Editor's corner: Stop discussion of ACA's imminent demise

Pile of newspapers

Picture of Ron Shinkman, editor of FierceHealthFinance

Now in its seventh year of life, the Affordable Care is still being discussed in terms that suggest it may yet not survive.

The most recent example is a new study by the Robert Wood Johnson Foundation entitled “The Cost of ACA Repeal,” an examination of what would happen should a Republican take the White House in 2016 and Congress stayed within the GOP.

Was any think tank issuing such papers about the demise of the Medicare or Medicaid programs in 1971?

A lot of this anxiety over the ACA began because of the unrelenting rhetoric damning the legislation. It had receded in the past year or two, primarily because the ACA had survived a variety of legal challenges and the political returns from damning the healthcare reform had diminished.

However, two events have occurred in recent months to restoke anxieties. After Republican Matt Bevin was elected last fall as governor of Kentucky, he moved swiftly to dismantle the Kynect health insurance exchange (he backed off on ending Medicaid expansion in that state because it was not politically feasible).

But another anxiety has stemmed from the exchanges: The apparent exit of UnitedHealth from all but a few state exchanges as of next year. The company may have lost as much as $500 million from its exchange book of business in the past year.

“The smaller overall market size and shorter term, higher-risk profile within this market segment continue to suggest we cannot broadly serve it on an effective and sustained basis,” UnitedHealth CEO Stephen Hemsley said during an earnings call in April.

A recent article by The Motley Fool suggested that the increases in premiums on the exchange meant that the ACA was “failing” and that UnitedHealth specifically was “struggling.” It made no mention of the fact that premiums for coverage outside of the exchange have been rising even faster, according to Fortune. 

United itself has consistently downplayed the fact that that business is really irrelevant to its overall enterprise. For the first quarter this year, United netted $1.6 billion, up more than 15 percent from the $1.4 billion in net income from the first quarter of 2015. Revenues were up 25 percent, to nearly $45 billion.  It also bumped its earnings and revenue guidance upward, and increased its shareholder dividend by 25 percent. The company is expected to have total cash flow of $10 billion this year.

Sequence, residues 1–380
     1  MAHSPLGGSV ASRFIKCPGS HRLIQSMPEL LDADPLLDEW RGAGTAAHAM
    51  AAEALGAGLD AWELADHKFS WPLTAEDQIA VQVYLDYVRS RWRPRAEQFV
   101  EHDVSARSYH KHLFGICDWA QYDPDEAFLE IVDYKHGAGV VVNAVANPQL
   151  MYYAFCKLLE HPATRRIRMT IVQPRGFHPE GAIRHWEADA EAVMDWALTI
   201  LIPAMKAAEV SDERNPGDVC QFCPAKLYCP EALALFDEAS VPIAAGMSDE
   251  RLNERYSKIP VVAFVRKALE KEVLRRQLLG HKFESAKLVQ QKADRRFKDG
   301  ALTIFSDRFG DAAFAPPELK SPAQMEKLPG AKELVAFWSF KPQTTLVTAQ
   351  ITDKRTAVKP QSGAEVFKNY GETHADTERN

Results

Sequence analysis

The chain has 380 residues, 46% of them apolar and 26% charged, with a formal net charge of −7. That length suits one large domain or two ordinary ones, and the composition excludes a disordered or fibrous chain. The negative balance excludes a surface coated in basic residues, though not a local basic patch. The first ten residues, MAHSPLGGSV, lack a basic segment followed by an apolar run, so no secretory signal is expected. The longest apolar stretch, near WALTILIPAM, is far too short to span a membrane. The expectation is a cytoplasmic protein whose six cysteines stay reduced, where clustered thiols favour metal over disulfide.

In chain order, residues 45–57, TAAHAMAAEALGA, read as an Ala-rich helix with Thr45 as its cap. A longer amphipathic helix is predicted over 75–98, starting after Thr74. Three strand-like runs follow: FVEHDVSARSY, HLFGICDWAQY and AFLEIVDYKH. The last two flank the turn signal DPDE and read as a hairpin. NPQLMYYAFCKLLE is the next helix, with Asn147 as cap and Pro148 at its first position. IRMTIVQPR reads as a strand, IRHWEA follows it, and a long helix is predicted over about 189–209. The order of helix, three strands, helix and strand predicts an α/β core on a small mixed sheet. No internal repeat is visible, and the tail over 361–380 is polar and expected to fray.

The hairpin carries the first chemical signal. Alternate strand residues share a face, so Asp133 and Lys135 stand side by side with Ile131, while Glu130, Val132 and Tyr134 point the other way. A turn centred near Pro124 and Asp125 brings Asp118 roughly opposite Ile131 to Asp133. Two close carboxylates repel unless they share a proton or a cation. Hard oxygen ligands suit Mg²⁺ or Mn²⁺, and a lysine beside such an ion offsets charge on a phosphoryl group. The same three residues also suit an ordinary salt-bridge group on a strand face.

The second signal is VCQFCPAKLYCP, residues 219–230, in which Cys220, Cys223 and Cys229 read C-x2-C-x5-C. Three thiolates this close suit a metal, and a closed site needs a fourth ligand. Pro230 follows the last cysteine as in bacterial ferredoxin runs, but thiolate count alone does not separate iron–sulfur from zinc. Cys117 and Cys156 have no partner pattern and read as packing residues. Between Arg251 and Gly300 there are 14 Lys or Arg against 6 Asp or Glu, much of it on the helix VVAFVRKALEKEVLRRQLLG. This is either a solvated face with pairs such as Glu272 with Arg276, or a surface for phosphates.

The exchanges aren't holding United back; they are merely keeping the company from posting ever more grossly spectacular numbers that would drive its stock price up even further.

The ACA's biggest flaw is that it contains virtually no cost controls, the result of intense lobbying by insurers and other interested parties to ensure that did not occur. But as the number of Americans with health coverage as a result of the ACA has grown, insurers, big pharma and many other deliverers of care and services have been clamoring to clean up.

This creates a bizarre double-negative feedback loop, wherein the financial health of the ACA-related businesses becomes healthier on the back of consumers (many of whom suffer due to cost-shifting), while the collateral effect of that (higher premiums) is trumpeted as a reason healthcare reform is failing. And that is leveraged by the right-of-center politicians and think tanks as a reason the ACA should be repealed rather than tweaked (a public option on the exchange or an expansion of Medicare eligibility down to age 55 would bring a lot of religion to insurers very quickly).

Which brings me back to the Robert Wood Johnson Foundation report. It estimated that if the ACA is repealed, 24.3 million Americans would lose their insurance coverage, virtually wiping out all of the gains from the law in the first place.

Should that occur, hospitals will be placed into an abysmal financial position. That would be exacerbated by insurers likely benefiting from the Republican proposal of being allowed to sell policies across state lines (the linchpin of their replacement for ACA). Payers would clean up by offering weak coverage, and hospitals would be hit hard treating even patients with commercial policies.

The best way to move forward from this is to finally admit that the ACA is the law of the land and is not going anywhere. But no one apparently wants to make that admission. That makes the ACA--and a lot of providers--vulnerable. – Ron (@FierceHealth)